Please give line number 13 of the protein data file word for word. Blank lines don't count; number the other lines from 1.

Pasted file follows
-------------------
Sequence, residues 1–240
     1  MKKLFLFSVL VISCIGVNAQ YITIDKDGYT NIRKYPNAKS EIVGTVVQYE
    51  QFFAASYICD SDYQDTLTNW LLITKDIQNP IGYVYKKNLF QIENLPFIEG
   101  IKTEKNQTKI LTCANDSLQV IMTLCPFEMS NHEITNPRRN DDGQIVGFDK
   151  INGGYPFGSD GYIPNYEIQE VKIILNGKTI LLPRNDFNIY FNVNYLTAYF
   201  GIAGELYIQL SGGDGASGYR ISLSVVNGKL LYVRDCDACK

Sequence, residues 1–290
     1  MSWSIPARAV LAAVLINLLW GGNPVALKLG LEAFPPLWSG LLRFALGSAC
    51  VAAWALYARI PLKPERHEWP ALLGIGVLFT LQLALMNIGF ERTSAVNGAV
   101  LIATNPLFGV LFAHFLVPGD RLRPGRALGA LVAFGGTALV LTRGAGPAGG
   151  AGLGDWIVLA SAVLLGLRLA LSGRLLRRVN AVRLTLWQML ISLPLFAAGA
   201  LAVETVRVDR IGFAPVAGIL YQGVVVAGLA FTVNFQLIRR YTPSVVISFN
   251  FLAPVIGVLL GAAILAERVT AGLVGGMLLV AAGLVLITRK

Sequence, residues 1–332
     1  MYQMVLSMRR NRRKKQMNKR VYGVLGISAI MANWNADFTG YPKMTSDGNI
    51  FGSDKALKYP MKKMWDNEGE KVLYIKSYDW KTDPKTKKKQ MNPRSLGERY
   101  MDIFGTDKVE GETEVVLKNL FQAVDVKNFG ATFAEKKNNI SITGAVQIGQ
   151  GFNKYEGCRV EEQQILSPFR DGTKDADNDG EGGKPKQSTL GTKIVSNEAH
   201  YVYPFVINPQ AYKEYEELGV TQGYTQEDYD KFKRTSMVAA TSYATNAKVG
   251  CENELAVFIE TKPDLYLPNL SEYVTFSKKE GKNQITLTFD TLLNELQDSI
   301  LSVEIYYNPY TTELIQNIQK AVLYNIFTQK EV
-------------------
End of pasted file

   251  FLAPVIGVLL GAAILAERVT AGLVGGMLLV AAGLVLITRK